Syntactic Survey of Determiners in Mo-Deg LanguageReport as inadecuate




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Advances in Language and Literary Studies, v5 n4 p125-136 Aug 2014

This study is descriptive, and it is set out to primarily investigate the use and order of determiners in the Mo/Deg language. The study finds answers to the questions, "What determiner types are there in the Mo/Deg language, and in what order do they collocate with the head of the noun phrase?" Using purposive sampling, the study gathered data from forty (40) literate native speakers of the Mo/Deg language who were also very proficient in English. Short simple English sentences containing noun phrases with pre-determiners of all kind, central determiners of all types, and post-determiners of all kind were designed and given to the respondents to rewrite in Mo/Deg. This was to observe the order of determiners in the language. Also, some of these sentences were given to some staff of the Mo/Deg project of the Ghana Institute of Linguistics, Literacy and Bible Translation (GILLBT) to translate into Mo/Deg since they are deemed to have deeper knowledge of the language. This was to ensure further correctness of the use and order of determiners in the language. The translations comprised the data which was analysed using the Systemic Grammar principles of the NG structure. The results showed that the Mo/Deg language has pre-determiner items and that these pre-determiners are not followed by any other words like adjectives. It further showed that it is permissible for some members of the same pre-determiner class to co-occur. The study further found out that the Mo/Deg language has three types of post-head determiners: the post-head post-determiners, the posthead central determiners, and the post-head pre-determiners. It therefore concluded that the Mo/Deg language has a very complex determiner structure.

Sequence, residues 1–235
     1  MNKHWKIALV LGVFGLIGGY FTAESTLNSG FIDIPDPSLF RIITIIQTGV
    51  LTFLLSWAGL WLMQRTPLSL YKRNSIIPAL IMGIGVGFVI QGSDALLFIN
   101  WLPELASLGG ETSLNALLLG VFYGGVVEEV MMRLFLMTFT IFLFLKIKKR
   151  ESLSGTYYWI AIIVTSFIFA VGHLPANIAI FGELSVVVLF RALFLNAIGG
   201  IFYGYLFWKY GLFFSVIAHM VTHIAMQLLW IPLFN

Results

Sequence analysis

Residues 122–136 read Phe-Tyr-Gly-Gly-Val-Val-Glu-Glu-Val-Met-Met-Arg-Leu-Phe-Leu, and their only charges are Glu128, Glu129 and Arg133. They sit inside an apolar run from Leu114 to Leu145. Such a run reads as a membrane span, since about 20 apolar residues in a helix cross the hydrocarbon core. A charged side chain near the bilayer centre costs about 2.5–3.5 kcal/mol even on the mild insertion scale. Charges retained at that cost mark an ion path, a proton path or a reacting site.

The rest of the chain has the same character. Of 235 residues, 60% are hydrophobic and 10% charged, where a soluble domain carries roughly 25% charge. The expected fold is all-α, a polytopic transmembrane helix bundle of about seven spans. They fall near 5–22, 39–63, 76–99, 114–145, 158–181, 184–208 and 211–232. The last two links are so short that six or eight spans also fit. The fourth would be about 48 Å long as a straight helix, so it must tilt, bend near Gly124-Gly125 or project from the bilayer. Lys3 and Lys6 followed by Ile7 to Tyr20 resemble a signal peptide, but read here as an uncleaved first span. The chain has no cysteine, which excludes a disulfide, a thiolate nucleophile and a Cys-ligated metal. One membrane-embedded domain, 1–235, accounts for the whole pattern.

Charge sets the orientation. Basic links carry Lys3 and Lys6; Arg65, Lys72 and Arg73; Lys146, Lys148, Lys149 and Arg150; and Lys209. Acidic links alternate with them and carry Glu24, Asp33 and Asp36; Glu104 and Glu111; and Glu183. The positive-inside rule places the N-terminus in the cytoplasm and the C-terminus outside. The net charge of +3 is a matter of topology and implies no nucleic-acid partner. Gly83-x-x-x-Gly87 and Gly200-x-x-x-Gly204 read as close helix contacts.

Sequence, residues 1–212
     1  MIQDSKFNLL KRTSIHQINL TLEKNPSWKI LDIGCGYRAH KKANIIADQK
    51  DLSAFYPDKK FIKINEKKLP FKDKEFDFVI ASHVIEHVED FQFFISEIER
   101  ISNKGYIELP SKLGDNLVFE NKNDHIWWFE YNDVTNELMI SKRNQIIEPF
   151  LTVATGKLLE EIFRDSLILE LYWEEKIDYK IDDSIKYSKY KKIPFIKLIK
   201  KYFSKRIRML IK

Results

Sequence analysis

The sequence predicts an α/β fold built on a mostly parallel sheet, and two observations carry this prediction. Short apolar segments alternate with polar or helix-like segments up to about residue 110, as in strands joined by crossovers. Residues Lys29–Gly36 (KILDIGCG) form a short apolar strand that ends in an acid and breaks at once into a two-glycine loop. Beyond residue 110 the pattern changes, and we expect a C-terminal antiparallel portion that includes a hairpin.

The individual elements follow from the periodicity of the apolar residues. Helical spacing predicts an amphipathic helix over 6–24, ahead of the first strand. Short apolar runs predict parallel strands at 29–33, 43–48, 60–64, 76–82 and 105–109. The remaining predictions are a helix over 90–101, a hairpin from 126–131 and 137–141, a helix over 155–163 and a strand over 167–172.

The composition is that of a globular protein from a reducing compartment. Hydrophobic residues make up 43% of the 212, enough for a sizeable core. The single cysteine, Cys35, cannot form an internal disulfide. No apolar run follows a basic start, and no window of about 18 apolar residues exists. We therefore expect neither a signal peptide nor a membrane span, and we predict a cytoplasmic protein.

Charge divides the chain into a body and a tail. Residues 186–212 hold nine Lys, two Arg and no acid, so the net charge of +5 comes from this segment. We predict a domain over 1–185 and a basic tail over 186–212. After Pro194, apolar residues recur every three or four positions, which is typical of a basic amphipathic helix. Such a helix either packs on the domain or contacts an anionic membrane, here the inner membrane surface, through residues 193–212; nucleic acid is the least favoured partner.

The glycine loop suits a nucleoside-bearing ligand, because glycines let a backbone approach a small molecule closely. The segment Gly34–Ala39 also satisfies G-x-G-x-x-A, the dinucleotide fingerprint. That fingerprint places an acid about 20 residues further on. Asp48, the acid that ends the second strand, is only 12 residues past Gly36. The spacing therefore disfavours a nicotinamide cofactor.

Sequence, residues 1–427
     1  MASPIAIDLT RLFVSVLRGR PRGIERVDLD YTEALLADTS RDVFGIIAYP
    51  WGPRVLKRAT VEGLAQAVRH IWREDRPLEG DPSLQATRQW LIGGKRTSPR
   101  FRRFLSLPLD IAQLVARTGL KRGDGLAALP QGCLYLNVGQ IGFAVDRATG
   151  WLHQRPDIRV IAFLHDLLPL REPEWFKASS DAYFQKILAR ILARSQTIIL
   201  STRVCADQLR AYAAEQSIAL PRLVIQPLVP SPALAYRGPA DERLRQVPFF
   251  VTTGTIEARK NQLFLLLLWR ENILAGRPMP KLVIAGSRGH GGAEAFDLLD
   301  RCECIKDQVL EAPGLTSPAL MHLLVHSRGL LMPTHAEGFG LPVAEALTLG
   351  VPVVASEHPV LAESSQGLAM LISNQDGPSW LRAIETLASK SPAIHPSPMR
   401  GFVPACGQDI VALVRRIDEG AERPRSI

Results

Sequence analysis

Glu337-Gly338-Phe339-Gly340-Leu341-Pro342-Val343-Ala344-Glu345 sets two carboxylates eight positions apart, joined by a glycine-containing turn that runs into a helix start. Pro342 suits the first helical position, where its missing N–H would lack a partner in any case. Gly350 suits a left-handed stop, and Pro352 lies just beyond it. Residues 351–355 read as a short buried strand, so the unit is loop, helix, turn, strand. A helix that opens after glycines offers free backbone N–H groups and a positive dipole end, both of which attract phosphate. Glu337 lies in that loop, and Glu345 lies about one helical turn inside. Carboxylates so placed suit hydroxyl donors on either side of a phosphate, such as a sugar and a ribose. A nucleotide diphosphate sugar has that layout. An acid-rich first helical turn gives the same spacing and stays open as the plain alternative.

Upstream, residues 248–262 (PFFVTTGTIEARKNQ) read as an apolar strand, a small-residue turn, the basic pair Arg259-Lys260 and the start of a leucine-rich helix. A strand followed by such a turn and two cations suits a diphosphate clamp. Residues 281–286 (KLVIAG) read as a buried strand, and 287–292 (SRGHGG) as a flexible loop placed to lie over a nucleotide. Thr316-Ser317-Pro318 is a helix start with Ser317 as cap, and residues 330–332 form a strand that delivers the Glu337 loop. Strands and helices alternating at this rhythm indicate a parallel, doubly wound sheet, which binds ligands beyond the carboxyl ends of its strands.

Descriptors: Form Classes (Languages), Syntax, African Languages, Nouns, Native Speakers, Surveys, English (Second Language), Translation, Sentences, Foreign Countries, Language Minorities, Grammar

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Author: Anto, Sylvester Kwabena

Source: https://eric.ed.gov/?q=a&ft=on&ff1=dtySince_1992&pg=5070&id=EJ1128679







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